"And their is no smoking. If a parent wants to smoke or behave in a manner that is inappropriate, they will be asked to leave the premises."
Equally impressive was the criteria that Guzman uses to select the Most Valuable Player from the Carnaval Relampago.
"We select the MVP as the player with the best attitude. He or she needs to be a player who plays well, but more importantly a kid who has a great attitude and exhibits teamwork throughout the tournament. That is what is meant by MVP."
Guzman is always looking for sponsors and is appreciative of those organizations that contribute their time or resources to LYB. Aquafina Water will be holding the 2010 Pitch, Hit and Run Competition hosted by LYB. This event allows youth to compete totally free of charge.
One winner will be selected to participate in the PHR Finals at the Major League All-Star. Guzman is hoping to drum up sponsorship from a major national sponsor like Goya Foods.
He is also eager to gain support from any of Major League Baseball's Latin players who could provide financially or sponsor an awards dinner or simply to come up to talk to the kids in the league.
Pitch in For Baseball (PIFB) , will be providing equipment and uniforms to the league this year. Angela Marcantonini, the program director for PIFB, has worked with several Latin American communities in the States and around the world through Pitch In For Baseball, and recently has spent a lot of time working with the Puerto Rico baseball community. She met Guzman and joined the LYB group via Facebook.
"We began chatting and the more I talked to him and the more I heard about what he had done with LYB, the more impressed I was," explained Marcantonini. "Frank and I had similar views on how playing baseball can teach leadership skills and promote a positive attitude."
Marcantonini continued, "It is not just about putting a ball or bat or glove in a childs hand, but how we can use that ball or bat or glove to teach a child the skills to make better choices in life through the game of baseball. Our mission at Pitch In For Baseball fit together very well with the LYB mission."
"We will be assisting LYB with baseball equipment and uniforms," added Marcantonini, who has connected with several of her baseball contacts in the States and in Puerto Rico to help Guzman's mission. "I thought his message was something that should get out. We need more people like Frank to step up to the plate and make a difference. I look forward to working with Frank in the future to help him spread baseball to the Latin American communities of Rochester, and then to other parts of the country!"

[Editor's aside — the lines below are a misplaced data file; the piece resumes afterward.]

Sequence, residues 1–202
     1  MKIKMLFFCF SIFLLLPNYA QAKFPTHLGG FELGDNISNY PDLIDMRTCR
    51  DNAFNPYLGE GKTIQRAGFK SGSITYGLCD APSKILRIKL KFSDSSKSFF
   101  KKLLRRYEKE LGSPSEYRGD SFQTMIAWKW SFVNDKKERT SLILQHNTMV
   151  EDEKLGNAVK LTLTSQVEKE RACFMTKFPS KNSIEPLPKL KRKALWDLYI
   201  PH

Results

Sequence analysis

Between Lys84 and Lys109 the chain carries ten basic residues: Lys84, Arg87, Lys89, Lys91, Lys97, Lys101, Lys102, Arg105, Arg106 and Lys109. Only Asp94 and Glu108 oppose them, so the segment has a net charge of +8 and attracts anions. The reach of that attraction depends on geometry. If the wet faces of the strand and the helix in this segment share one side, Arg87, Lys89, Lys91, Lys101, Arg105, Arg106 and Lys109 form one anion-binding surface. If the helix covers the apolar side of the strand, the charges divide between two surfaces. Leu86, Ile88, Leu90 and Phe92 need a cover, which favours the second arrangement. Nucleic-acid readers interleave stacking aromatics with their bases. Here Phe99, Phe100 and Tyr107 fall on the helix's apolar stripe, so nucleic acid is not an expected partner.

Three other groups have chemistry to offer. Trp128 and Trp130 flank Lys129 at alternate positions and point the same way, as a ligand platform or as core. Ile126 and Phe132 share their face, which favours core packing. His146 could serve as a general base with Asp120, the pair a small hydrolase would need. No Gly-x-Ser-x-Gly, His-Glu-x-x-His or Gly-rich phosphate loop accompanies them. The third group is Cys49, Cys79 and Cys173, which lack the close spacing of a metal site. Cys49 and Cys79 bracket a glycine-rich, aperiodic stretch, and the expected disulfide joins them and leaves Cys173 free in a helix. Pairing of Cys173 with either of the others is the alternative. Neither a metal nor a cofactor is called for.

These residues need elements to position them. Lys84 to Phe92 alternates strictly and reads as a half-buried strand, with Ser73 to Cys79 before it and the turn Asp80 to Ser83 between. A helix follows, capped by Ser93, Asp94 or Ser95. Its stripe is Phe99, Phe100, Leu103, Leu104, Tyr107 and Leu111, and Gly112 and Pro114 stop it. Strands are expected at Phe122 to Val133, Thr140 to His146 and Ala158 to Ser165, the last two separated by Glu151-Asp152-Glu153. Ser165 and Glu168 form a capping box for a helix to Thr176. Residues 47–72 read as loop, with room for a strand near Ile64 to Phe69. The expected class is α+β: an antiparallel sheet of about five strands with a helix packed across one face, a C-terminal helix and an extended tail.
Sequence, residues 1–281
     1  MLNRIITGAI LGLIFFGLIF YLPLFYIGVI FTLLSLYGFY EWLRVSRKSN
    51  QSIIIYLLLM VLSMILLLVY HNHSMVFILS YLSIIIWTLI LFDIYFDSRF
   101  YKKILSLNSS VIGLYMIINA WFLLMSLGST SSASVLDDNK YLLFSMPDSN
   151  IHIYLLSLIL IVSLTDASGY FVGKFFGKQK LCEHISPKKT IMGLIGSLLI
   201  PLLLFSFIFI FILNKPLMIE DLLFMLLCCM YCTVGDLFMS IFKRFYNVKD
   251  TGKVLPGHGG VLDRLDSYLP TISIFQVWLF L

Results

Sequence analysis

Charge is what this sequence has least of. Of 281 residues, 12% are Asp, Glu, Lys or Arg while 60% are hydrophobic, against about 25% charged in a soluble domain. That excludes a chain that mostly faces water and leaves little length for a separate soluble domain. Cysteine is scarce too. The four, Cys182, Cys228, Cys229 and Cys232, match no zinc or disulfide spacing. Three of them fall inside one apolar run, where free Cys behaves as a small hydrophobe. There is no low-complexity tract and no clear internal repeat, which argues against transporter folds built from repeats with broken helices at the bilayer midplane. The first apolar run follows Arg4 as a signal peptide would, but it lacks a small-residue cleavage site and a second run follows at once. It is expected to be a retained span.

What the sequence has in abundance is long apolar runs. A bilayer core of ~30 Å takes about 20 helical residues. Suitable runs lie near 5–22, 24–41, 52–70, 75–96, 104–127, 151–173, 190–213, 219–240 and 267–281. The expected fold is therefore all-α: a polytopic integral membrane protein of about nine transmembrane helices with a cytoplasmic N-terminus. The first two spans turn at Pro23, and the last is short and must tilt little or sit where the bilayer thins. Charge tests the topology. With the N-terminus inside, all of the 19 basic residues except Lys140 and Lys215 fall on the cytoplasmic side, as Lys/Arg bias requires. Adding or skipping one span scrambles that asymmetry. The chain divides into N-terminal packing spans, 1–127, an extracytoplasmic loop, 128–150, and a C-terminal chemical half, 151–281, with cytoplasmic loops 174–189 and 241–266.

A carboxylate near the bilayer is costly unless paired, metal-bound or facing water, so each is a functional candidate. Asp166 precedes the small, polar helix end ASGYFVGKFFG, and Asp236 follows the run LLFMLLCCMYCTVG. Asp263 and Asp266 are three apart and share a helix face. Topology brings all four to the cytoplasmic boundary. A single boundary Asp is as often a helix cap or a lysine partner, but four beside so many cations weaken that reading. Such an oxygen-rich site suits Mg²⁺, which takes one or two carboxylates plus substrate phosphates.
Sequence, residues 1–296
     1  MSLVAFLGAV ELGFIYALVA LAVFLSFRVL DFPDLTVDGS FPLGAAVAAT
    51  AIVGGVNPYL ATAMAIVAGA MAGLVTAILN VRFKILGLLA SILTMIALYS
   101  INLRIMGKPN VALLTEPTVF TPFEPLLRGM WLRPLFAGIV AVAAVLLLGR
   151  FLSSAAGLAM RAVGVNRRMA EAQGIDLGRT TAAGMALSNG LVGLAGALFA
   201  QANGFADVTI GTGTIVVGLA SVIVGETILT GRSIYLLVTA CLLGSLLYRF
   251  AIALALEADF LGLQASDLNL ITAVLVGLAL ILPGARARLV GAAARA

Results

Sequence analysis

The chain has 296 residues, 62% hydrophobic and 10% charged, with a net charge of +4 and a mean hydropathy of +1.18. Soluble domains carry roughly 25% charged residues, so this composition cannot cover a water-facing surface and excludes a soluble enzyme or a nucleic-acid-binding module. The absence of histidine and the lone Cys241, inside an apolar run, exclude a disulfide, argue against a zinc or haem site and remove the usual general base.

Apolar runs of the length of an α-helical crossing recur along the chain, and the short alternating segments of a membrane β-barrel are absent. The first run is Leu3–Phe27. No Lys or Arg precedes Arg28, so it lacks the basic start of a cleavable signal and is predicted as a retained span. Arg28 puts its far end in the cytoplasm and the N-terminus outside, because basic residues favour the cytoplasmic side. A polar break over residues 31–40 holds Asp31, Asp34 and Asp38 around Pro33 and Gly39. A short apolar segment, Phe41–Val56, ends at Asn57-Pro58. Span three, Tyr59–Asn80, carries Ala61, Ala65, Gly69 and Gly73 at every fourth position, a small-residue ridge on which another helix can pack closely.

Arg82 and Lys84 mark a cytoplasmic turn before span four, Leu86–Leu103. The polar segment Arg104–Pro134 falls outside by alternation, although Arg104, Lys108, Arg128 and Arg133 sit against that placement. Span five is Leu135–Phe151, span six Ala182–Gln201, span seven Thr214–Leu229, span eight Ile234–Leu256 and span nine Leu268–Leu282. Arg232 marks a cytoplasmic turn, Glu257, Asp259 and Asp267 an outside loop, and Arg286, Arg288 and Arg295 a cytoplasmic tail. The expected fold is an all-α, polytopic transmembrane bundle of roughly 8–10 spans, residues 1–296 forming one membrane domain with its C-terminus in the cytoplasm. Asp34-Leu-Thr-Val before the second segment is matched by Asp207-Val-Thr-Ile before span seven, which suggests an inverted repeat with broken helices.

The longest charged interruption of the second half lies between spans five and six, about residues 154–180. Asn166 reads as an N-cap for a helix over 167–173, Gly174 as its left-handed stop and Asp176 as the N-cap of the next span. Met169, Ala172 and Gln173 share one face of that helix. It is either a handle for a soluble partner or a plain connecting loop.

Diego Ortiz, age 20, began playing for Guzman when he was 15. Ortiz, currently a criminal justice major at Monroe Community College, told me that Guzman "always shows the players that he cares."
"That is something that is often missing in a kids life. I know quite a few kids that would have ended up in gangs or doing drugs if it wasn't for Latin Youth Baseball."
The highlight of Ortiz' LYB career was winning the championship in the 16-19 year old division with his team, Los Aguila's or Eagles. I suspect with Guzman's help, Ortiz and his teammates have learned to soar amongst them.
About Latin Youth Baseball
Latin Youth Baseball Foundation was founded in 2005, by Frank Guzman. The foundation is an independent foundation focused on the youth of Rochester, New York. The mission of LYB is to serve the inner-city youth with positive experiences through their participation in the sport of baseball. These positive experiences will promote personal, athletic, and academic/vocational growth.
About Pitch in For Baseball
Founded in 2005 by Executive Director, David Rhode, Pitch In For Baseball (PIFB) is the central organization for the collection and redistribution of new and gently used youth baseball and softball equipment to under-served communities both in the U.S. and around the world. PIFB has distributed equipment and uniforms to more than 65 countries worldwide and more than 220 communities around the United States impacting over 75,000 children in need.
Based outside of Philadelphia, Pennsylvania PIFB is 501 c 3 not for profit organization. For more information, visit www.pitchinforbaseball.org or contact Executive Director, David Rhode at firstname.lastname@example.org or Program Director, Angela C. Marcantonini @email@example.com.